By Nancy Tannler

Thanks to the $482 million school building improvement bond the citizens of Portland voted for in 2012, Franklin, Roosevelt and Grant High Schools and one K – 8 have had or will have a complete makeover, while 63 other schools will receive classroom upgrades.

In SE Portland, Franklin High School reopens for class this fall to a fully modernized school where old and new architecture has been woven together to provide a building for the best possible learning institution for teenagers in the state.

David Mayne, Communications Manager for the Bond Program at Portland Public Schools, has been overseeing these projects since 2013. This fall he is glad to see both Franklin and Roosevelt are finished and reopening to what he believes is a good use of our tax dollars.

The Franklin Alumni Association also privately raised money so the brick on the new Performing Arts Building (SE 52nd & Woodward) matches the rest of the school. Nike provided funds to pay for the new track and athletic field.

Planning for the Franklin remodel began in 2012 first by forming the Design Advisory Group and Master Planning Committees comprised of parents, teachers, students, service providers and the community. Before beginning, they held over twenty meetings to help define the design and figure out what would work and what wouldn’t.

“The prime directive was to preserve the iconic essence of the building,” Mayne said. Portland Public Schools (PPS) worked with DOWA / IBI Group Architects and SERA Architects.

Karina Ruiz, Principal Education Planner, and Tonie Esteban, Project Architect at DOWA IBI, both spoke with The Southeast Examiner about the development of the project, the challenges and the final outcome.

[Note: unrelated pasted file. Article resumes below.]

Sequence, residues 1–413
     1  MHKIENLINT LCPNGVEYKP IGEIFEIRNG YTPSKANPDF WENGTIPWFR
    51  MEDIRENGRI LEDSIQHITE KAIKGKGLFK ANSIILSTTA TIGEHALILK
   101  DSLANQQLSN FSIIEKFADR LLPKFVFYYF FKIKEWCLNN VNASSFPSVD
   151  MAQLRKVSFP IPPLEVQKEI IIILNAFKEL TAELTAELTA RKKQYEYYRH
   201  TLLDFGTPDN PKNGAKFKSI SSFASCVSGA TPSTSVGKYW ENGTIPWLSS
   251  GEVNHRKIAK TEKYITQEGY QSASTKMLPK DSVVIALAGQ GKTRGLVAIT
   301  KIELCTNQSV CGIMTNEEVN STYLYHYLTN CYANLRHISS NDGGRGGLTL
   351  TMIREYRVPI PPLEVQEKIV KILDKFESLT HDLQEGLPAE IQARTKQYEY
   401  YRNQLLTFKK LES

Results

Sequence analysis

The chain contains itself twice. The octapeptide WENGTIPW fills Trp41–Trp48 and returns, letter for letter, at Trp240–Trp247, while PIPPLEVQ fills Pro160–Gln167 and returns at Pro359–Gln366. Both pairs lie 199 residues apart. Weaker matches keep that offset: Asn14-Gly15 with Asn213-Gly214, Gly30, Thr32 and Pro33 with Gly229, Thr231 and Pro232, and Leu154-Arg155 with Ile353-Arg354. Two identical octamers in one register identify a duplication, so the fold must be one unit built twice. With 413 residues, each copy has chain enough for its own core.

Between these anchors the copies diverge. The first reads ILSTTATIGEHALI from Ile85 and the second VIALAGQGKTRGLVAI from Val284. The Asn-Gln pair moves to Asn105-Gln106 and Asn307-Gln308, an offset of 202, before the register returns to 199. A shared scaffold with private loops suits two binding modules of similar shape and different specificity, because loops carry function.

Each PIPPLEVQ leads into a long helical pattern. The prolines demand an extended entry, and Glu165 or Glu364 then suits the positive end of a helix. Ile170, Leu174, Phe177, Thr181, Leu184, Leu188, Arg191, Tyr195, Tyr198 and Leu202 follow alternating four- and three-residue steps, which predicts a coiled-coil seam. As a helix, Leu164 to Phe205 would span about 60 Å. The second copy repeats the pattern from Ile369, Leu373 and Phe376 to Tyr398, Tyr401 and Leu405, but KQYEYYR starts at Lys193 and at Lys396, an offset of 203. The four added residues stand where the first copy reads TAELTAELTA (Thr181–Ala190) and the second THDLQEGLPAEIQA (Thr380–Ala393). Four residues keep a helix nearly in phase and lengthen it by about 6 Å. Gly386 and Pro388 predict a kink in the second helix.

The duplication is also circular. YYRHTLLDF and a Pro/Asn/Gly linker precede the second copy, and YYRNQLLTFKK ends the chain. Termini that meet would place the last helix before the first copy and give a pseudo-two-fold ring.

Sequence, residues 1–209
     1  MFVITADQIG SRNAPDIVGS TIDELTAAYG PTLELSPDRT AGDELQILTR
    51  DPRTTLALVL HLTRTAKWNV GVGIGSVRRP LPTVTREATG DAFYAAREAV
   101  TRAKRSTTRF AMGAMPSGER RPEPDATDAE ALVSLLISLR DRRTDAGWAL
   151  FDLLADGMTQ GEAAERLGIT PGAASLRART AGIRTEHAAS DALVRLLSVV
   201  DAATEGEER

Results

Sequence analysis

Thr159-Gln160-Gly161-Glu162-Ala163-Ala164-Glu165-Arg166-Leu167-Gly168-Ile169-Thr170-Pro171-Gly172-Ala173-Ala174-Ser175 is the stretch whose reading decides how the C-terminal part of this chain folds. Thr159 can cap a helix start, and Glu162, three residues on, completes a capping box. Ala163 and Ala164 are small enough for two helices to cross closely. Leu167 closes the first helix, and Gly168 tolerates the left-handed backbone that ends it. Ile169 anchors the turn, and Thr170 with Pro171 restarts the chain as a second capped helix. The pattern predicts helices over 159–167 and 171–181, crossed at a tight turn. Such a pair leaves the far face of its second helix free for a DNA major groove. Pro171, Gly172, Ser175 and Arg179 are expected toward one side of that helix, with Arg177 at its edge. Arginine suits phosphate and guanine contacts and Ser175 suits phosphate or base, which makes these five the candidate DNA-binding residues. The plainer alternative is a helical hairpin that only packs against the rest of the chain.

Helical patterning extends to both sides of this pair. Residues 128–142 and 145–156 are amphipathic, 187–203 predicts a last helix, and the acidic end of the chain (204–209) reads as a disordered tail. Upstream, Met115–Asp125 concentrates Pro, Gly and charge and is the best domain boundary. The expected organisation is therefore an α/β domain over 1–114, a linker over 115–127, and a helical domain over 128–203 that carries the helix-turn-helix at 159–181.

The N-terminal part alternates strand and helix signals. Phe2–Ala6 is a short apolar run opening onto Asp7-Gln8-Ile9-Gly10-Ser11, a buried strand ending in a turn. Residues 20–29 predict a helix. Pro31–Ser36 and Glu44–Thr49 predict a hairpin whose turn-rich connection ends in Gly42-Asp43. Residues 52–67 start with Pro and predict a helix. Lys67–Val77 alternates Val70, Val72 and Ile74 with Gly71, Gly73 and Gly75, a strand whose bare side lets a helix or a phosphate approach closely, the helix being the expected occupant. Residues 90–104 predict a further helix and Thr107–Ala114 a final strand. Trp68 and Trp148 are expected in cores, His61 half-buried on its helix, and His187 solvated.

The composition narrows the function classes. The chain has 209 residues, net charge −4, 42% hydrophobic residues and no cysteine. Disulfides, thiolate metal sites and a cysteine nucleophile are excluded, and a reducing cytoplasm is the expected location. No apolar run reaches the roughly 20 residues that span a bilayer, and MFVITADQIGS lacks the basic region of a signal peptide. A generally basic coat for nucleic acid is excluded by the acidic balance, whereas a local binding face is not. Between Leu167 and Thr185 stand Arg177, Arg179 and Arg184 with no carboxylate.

“We began building just as Franklin was celebrating their Centennial anniversary,” Ruiz said. “We wanted to bring out the old building while eliminating and replacing structures that no longer work for todays learning styles – a home for students for the next 100 years.”

Esteban was the principal architect from the firm who followed the project from the early planning stages through to the finish. DOWA / IBI has a reputation for remodeling schools and SERA, the other architectural firm involved, are experts at historic preservation and renovation.

“This was a big, complicated project,” she said. The combined experience made the outcome as spectacular as it is.

Franklin was first built back in 1915, modeled after the Colonial Revival architecture. It is one of Portland’s most beautiful high schools but the interior design was a formulaic factory model with the teacher at the head of the class and the students lined up as audience. Learning styles have changed and the remodel at Franklin reflects these changes.

Today’s students no longer learn best by the one size fits all model. There is more collaboration, connectivity, project-based learning and personalized instruction. The newly-designed classrooms intermingles career paths, so rather than just funneling a student through a program, they are introduced to other possibilities and choices for expanding career ideas.